By Date

  • 27-March-2018


    Revenue Statistics in Latin America and the Caribbean 2018

    Revenue Statistics in Latin America and the Caribbean 2018 compiles comparable tax revenue statistics for 25 Latin American and Caribbean economies, the majority of which are not OECD member countries. The publication is based on the OECD Revenue Statistics database, which is a fundamental reference, backed by a well-established methodology, for OECD member countries. Extending the OECD methodology to countries in Latin America and the Caribbean enables comparison of tax levels and tax structures on a consistent basis, both among the economies of the region and with OECD member countries. This publication is jointly undertaken by the OECD Centre for Tax Policy and Administration, the OECD Development Centre, the Inter-American Center of Tax Administrations (CIAT), the Economic Commission for Latin America and the Caribbean (ECLAC) and the Inter-American Development Bank (IDB).
  • 26-March-2018


    OECD Development Co-operation Peer Reviews: Australia 2018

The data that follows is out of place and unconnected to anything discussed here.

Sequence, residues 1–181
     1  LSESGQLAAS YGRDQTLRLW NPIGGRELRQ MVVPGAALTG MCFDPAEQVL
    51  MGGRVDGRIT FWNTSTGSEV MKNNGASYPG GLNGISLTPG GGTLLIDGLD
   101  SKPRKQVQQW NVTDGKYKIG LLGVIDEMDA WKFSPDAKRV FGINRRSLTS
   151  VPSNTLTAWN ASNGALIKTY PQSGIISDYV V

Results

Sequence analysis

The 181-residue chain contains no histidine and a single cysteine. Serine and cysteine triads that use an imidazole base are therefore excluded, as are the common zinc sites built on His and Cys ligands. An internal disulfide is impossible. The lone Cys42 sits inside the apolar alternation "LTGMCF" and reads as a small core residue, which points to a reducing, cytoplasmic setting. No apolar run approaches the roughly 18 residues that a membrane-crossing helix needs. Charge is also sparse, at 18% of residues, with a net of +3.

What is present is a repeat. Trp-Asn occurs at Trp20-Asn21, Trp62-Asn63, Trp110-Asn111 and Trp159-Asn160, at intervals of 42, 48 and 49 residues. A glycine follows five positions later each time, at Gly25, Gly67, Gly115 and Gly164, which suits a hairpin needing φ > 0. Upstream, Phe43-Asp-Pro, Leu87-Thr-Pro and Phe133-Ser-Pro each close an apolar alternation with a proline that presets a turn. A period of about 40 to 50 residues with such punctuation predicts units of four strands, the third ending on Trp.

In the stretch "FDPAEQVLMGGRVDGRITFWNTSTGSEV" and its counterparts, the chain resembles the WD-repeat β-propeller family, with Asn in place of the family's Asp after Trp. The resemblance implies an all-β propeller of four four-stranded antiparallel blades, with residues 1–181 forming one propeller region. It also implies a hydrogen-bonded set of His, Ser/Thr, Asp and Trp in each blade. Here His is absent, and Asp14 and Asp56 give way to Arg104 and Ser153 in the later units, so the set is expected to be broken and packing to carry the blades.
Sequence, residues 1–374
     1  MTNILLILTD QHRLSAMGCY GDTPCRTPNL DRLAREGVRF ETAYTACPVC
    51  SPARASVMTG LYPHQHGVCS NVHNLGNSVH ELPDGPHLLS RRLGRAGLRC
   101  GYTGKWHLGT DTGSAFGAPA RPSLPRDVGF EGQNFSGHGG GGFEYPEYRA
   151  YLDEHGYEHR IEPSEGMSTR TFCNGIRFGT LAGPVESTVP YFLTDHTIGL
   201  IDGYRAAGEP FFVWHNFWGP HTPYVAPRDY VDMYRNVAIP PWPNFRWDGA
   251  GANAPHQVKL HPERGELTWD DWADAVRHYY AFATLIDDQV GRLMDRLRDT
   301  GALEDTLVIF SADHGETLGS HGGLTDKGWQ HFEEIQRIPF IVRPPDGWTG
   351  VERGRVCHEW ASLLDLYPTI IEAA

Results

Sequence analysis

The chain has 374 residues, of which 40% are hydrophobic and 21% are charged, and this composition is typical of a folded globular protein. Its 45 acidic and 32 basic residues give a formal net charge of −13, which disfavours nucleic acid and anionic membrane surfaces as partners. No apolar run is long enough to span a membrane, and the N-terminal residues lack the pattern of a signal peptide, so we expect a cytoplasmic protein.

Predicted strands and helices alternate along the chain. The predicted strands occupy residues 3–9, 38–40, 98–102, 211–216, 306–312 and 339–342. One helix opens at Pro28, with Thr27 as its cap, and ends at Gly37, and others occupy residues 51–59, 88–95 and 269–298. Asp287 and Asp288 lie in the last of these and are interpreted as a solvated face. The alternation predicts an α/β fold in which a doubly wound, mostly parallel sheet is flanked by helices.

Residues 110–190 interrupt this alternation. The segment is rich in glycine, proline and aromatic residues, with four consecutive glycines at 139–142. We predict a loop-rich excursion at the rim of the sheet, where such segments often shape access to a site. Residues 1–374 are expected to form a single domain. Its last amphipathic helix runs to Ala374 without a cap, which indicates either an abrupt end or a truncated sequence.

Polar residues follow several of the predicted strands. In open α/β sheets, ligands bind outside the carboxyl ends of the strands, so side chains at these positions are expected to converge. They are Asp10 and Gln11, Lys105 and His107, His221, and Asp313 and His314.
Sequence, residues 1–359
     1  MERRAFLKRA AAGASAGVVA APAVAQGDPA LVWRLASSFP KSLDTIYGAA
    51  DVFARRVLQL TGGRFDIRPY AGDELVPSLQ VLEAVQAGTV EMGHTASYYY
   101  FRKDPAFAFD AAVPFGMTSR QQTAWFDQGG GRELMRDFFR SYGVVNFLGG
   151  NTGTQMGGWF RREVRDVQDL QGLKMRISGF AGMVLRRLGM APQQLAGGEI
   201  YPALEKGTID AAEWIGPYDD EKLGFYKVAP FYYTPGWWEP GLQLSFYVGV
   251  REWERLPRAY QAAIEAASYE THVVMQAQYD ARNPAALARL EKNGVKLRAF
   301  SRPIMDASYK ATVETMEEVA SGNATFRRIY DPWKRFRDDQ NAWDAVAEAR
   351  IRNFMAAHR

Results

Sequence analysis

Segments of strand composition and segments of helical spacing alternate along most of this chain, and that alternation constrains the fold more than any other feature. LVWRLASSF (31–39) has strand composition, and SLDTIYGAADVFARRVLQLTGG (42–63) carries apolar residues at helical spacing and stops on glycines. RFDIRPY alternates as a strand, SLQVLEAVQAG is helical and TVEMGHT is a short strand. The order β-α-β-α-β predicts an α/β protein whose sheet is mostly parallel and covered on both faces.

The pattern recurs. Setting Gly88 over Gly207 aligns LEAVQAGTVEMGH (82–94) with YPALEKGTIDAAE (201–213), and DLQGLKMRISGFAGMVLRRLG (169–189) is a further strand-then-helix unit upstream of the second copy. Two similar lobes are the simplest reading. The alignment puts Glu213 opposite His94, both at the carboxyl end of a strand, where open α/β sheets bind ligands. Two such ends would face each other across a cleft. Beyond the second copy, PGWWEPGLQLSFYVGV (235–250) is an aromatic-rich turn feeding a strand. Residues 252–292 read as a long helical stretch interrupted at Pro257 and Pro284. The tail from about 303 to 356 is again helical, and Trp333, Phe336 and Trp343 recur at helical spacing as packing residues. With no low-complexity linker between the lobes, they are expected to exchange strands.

Australia has a strong voice on the global stage. It actively and consistently advocates for the interests of small island developing states and the Pacific region and on issues such as disaster risk reduction and gender equality. In line with this focus, the government has introduced a clear overarching policy vision and associated strategies and guidance for development co-operation. A robust performance framework reflects Australia’s strategic orientations, with value for money at the forefront. Among other issues, this review also looks at how the Australian government has managed the integration of aid within the Ministry of Foreign Affairs and Trade, and the resulting opportunities and challenges.
  • 23-March-2018


    Mr. Angel Gurría, Secretary-General of the OECD, in Beijing from 24 to 26 March 2018

    Mr. Angel Gurría, Secretary-General of the OECD, will be in Beijing from 24 to 26 March 2018 to attend the China Development Forum.

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  • 23-mars-2018


    Les apports des fondations philanthropiques privées à l’appui du développement sont modestes par rapport à l’aide publique, mais leur impact potentiel est élevé, selon l’OCDE

    Les apports de source philanthropique sont relativement modestes par rapport à l’aide publique au développement (APD), mais ils jouent un rôle important dans certains secteurs, indique un nouveau rapport de l’OCDE.

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  • 23-March-2018